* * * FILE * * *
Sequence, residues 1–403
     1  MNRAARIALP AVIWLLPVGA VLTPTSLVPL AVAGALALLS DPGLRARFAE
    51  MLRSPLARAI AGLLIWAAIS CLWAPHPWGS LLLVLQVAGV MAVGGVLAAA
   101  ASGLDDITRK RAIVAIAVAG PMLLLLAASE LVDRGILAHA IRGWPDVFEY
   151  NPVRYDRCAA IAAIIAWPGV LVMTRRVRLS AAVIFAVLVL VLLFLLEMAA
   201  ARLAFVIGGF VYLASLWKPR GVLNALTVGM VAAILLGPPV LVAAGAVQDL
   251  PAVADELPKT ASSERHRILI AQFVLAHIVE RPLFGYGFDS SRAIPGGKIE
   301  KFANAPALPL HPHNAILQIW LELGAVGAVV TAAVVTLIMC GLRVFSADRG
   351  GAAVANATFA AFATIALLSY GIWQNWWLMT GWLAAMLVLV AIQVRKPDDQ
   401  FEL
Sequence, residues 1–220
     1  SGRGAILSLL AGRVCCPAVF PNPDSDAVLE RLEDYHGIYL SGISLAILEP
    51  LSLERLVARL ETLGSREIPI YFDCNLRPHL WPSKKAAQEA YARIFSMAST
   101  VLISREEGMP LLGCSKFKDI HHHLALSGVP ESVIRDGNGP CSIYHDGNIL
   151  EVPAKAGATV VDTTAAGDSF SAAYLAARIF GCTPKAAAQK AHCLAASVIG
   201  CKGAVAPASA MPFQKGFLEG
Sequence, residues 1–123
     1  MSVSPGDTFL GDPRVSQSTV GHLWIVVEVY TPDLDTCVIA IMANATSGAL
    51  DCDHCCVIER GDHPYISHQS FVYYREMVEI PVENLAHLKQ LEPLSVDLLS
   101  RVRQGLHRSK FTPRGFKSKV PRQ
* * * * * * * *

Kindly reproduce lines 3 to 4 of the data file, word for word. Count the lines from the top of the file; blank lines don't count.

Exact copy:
    51  MLRSPLARAI AGLLIWAAIS CLWAPHPWGS LLLVLQVAGV MAVGGVLAAA
   101  ASGLDDITRK RAIVAIAVAG PMLLLLAASE LVDRGILAHA IRGWPDVFEY